Ask care providers of chronically sick children or adults how they are coping, and Kathryn Berry Carter bets that they will say they are tired, stressed, and worn out. During her tenure as the Volunteer Services director of St. Jude Children’s Research Hospital, Berry Carter has witnessed first hand how caring for someone with complex medical needs can be tough physically and emotional.
Berry Carter often wanted to find an efficient way for hospital volunteers at St. Jude to help parents get a meaningful break. For years, she notes, “we limped along, providing some respite care for pre-scheduled needs.” In the fall of 2010, Berry Carter’s team became determined to take a hard look at this logistical challenge and to find a way to fix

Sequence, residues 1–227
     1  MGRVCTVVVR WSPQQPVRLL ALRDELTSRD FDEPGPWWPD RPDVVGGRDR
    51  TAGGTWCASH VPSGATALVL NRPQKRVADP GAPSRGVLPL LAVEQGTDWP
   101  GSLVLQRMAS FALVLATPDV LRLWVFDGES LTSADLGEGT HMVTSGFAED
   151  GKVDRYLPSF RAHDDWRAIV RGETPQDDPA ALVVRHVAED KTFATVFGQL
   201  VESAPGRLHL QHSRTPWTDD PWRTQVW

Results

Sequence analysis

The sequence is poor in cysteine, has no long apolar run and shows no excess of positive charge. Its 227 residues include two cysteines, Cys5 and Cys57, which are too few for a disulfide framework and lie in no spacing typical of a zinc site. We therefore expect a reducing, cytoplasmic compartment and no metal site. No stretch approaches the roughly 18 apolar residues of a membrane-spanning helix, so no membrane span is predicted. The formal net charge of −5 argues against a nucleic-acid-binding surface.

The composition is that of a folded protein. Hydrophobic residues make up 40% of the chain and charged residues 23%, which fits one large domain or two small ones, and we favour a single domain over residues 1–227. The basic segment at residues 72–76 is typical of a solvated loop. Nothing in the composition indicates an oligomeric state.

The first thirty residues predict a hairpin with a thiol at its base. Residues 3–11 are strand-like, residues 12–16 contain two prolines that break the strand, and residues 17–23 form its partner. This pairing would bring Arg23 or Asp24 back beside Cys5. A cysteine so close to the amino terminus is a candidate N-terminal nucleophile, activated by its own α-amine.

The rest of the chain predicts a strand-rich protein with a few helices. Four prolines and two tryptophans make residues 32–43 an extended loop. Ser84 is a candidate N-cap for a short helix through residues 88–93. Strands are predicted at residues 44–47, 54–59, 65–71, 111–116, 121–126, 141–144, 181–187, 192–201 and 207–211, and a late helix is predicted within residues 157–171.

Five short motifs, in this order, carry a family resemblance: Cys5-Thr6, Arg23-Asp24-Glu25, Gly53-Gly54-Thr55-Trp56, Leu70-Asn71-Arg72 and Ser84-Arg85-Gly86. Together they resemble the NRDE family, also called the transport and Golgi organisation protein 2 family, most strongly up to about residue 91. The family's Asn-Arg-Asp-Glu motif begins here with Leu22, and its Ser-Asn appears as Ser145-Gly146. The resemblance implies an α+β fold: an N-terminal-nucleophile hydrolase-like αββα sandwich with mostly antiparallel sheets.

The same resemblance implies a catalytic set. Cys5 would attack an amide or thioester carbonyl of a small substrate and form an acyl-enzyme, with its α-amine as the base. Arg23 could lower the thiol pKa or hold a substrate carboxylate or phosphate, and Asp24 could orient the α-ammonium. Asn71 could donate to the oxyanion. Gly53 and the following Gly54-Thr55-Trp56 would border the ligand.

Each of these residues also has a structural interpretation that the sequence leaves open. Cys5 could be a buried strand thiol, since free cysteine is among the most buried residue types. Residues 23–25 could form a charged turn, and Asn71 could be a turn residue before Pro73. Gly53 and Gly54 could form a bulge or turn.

In this article for e-Volunteerism, Berry Carter explains the steps she took at St Jude to implement a thriving and successful on-demand respite care program, one that has become an integral component of St. Jude’s family-centered care approach. Though the article mainly discusses respite care in a children’s hospital, Berry Carter describes how the same principles can be applied to respite care in settings ranging from senior nursing care facilities and Alzheimer day care facilities to hospital organizations and other pediatric programs.The St. Jude experience can be replicated in any of these settings, notes Berry Carter, who also provides tips on implementing any pilot program that explores new roles for volunteers, regardless of theme.